Seeking Consensus on How to Measure the Impact of Family Planning Total Market Approaches

A new guide offers a step-by-step approach for evaluating total market approach (TMA) activities.

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Flickr: UN photo - Bamako, Mali, by Marco Domino. Women and children from the community wait in line to receive their free consultations.
A total market approach (TMA) to family planning (FP) services is one that is coordinated among health planners and facilities, commodity suppliers, and funders from government, commercial, and private or nongovernmental sectors. TMA is intended to help reduce inefficiency and inequity in the FP health market which, in turn, helps couples and individuals gain better access to FP services to prevent and space pregnancies and potentially to reduce preventable child and maternal deaths.

However, because TMA combines multiple players in various ways across disparate country settings, it can be difficult to develop evidence that demonstrates what combinations of players, strategies, and activities work best.

Achieving the aim to describe the optimum mix requires a larger evidence base and the development of agreed-upon methods to assess the medium- and long-term impact of TMA on FP outcomes. To answer this need, the United States Agency for International Development (USAID)-funded MEASURE Evaluation project produced a guide to help implementers to plan for evaluations of their TMA activities.

The Guide for Assessing the Impact of a Total Market Approach to Family Planning Programs, published in October 2019, seeks to compare definitions of TMA that implementers are using; to identify objectives and components of current or past TMA implementations; to outline methods for conducting an impact evaluation of TMA; and to use an example from Cambodia to demonstrate how a TMA might be evaluated for impact.

Developing and implementing TMA activities are still in their infancy and, therefore, few studies exist to guide an impact evaluation. This new guide offers a step-by-step approach for evaluating TMA activities. The guide complements earlier published guides and includes a discussion of a rapid assessment technique that can avoid the high cost of long-term studies.

The authors conducted a systematic review of current and past implementations of TMA and supplemented those findings with key informant interviews among implementers and supporters of TMA. They offer six recommendations for those who are planning TMA activities:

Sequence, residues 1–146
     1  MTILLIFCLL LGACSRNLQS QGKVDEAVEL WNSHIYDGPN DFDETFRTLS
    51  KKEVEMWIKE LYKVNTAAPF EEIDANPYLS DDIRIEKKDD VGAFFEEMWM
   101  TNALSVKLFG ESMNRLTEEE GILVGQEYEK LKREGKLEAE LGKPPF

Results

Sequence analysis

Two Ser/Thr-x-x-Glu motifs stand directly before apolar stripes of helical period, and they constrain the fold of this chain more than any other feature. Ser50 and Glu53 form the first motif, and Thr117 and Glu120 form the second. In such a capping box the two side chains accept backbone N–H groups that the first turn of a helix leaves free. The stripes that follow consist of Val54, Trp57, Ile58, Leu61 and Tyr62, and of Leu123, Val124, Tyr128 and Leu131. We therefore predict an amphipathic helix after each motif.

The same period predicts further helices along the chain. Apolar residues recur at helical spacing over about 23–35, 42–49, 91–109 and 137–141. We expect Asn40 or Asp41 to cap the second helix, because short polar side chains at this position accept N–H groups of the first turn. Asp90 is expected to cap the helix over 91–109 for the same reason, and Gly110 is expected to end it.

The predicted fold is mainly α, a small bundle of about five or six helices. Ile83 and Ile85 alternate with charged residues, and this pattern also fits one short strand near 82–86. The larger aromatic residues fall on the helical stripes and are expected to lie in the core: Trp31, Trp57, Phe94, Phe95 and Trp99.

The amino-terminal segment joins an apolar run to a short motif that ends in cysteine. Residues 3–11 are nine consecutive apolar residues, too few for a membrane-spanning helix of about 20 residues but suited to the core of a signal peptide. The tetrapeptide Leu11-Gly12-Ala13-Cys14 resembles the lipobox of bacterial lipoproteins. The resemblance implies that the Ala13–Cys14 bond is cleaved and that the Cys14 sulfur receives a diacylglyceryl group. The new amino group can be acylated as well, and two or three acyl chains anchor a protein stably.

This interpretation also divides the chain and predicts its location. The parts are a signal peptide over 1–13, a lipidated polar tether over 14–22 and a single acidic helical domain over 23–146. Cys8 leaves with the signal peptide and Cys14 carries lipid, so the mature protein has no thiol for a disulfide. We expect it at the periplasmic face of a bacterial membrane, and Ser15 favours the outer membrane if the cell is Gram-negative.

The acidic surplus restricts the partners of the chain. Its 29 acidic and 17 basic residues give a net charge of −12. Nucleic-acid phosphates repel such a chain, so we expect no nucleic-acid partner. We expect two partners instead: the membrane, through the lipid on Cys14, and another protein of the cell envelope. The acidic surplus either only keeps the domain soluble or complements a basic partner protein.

• Clearly identify specific objectives that will determine which indicators to prioritize. It is advantageous if these objectives are documented in public documents such as a national reproductive health policy.
  • Be aware that an interrupted time series design is likely to be the most feasible rigorous design. It can be supplemented with an artificially constructed comparison group using pre-intervention trends to project what likely would have happened in the absence of TMA (i.e., a counterfactual projection).
  • Ensure there are enough pre-intervention data points to enable reliable estimates of pre-intervention trends. If these are not available, the authors recommend a focus on evaluating if the TMA activity achieved its stated objectives rather than attempting to evaluate its net impact.
  • Try to compress the time between the last pre-intervention data point and the start of TMA activities to avoid a wide time gap that may confound measuring differences pre- and post-intervention. If this isn’t possible, the authors recommend a rapid assessment survey of key outcome measures immediately before the start of TMA activities.
  • To get timely information about the impact of TMA, the authors recommend conducting annual or biannual rapid assessment surveys post-intervention to enable a timelier start of the impact evaluation and create more data points, which will also make the impact estimates more robust.
  • TMA implementers should systematically document when any events took place in their program (e.g., price increases on commodities). This will help later in interpreting an interrupted time series design. Likewise, it is important to document external confounding factors that took place that may have affected outcome measures.
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